Foster strong relationships with vendors

Your relationships with the vendors that you work with are important to the health of your business and your business credit score. When you make timely payments with vendors and keep stable accounts, you'll be adding to your business' payment history. And if you're making early payments, you'll see your score increase faster. Keeping your accounts current will also help to keep your delinquency and financial risk scores low. However, it's important to make sure that vendors are reporting your interactions to the business credit bureaus. If not, you won't see your score improve. Data from multiple vendors is often needed for business credit bureaus to generate a report. When working to build your score, ask for small lines of credit and pay them off promptly.

What is a business line of credit?

A business line of credit is a cash flow resource that provides funds to help support business financial needs. Much like a personal line of credit, a business line of credit allows you to borrow money up to a certain limit. Unlike a business loan, a business line of credit allows access to the funds you need as you need them, up until you reach your credit limit. When you pull funds from your business line of credit, you pay interest only on the amount that you borrow. As long as you are consistent about repayment and don't exceed your credit limit, your business line of credit can serve as a financial support for your business expenses.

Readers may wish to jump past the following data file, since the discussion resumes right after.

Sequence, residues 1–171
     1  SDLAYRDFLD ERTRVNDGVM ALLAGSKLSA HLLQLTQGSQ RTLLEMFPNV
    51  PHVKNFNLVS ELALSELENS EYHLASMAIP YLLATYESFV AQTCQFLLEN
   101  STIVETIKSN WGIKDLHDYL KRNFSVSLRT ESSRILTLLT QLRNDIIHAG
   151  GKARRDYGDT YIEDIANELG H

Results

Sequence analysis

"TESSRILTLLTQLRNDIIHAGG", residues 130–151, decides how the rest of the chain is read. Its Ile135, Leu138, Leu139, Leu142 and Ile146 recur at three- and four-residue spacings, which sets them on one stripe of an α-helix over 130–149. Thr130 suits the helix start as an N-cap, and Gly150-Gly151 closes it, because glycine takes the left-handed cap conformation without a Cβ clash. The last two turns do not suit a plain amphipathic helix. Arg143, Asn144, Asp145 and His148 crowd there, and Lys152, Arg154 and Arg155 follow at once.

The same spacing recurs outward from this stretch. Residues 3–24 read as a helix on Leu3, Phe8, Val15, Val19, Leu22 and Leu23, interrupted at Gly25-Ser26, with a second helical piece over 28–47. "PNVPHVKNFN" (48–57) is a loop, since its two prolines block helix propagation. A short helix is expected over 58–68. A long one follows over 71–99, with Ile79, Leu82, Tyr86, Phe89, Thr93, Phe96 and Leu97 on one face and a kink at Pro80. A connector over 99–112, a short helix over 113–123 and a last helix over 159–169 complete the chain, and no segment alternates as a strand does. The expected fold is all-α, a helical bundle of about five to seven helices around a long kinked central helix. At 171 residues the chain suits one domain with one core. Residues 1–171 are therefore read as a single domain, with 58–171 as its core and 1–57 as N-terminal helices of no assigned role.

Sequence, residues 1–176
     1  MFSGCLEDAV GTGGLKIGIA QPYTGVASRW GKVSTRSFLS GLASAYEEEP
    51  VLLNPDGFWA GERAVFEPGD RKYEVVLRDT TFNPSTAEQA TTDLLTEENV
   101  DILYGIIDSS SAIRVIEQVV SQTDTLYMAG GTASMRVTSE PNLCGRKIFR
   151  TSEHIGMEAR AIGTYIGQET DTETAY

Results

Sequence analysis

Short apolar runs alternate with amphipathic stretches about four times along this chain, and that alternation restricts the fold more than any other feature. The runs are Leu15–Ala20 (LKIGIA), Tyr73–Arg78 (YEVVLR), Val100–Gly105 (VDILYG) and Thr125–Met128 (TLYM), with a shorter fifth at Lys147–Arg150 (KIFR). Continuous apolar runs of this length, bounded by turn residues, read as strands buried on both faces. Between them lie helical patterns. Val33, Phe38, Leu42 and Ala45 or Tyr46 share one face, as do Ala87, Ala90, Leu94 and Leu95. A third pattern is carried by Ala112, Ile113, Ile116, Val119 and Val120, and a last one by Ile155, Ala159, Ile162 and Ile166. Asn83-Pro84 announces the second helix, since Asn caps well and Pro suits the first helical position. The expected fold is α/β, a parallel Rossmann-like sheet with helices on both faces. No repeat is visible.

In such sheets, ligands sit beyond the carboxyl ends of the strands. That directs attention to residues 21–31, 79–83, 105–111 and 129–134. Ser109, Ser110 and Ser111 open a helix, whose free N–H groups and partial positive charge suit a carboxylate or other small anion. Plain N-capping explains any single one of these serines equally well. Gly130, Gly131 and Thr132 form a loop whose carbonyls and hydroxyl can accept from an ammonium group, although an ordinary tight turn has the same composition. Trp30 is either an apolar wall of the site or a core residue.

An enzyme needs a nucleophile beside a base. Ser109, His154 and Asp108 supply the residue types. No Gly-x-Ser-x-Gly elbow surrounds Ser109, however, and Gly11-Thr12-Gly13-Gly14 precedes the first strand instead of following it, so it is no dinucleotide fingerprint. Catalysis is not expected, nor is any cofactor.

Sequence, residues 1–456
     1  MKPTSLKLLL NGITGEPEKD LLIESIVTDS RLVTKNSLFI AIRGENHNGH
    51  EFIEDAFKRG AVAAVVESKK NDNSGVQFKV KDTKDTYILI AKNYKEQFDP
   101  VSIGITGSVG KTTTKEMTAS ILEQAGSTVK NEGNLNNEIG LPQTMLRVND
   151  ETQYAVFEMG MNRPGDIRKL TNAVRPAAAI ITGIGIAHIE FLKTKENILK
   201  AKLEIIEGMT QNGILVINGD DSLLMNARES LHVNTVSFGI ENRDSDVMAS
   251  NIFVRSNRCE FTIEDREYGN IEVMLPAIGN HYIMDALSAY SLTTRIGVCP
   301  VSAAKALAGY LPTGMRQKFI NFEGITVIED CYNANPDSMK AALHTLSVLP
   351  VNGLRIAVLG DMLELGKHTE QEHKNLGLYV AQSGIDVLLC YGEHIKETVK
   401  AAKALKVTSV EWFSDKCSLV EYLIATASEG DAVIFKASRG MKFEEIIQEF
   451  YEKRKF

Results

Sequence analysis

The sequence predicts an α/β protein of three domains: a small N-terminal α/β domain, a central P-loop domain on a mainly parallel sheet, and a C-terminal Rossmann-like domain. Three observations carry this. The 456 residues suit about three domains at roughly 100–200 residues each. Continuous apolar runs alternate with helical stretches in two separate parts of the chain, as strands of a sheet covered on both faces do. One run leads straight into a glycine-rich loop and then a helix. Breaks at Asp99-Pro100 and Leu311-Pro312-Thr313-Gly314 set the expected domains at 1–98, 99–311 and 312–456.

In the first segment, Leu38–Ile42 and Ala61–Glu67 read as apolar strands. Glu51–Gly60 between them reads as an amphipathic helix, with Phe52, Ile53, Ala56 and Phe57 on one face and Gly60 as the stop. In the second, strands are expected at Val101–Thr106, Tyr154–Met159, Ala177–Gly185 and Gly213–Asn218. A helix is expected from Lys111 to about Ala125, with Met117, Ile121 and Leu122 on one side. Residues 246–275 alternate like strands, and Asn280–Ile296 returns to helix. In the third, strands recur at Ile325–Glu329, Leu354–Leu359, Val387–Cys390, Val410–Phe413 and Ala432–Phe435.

To be able to apply for a business line of credit, your business will need to have been up and running for at least a year. Potential lenders will likely request certain documents that give insight into your business financials. You'll want to have business tax returns, banking account information, and registration documents available in order to qualify. Your lender may also request your personal bank and tax information.

Once you've applied, lenders will take a look at your business credit report in order to determine whether your business should be approved. Your business credit score, annual revenue and the length of time your business has been in operation are all factors used to help with this determination. These factors also come into play when lenders determine the amount of your credit limit.

A business line of credit is available from banks, credit unions, and even some online lenders. When deciding where to apply for a business line of credit, take some time to compare terms, fees, and interest rates. Also, keep in mind that larger lines of credit will often request some form of collateral as a guarantee against any missed payments.

Interest rates for a business line of credit are usually lower than those for business credit cards. However, you will need a strong business credit report to qualify for the best rates. Online lenders give more leeway than banks, but will often have lower credit limits and higher interest rates.

AdChoices
AdChoices
image beaconimage beaconimage beacon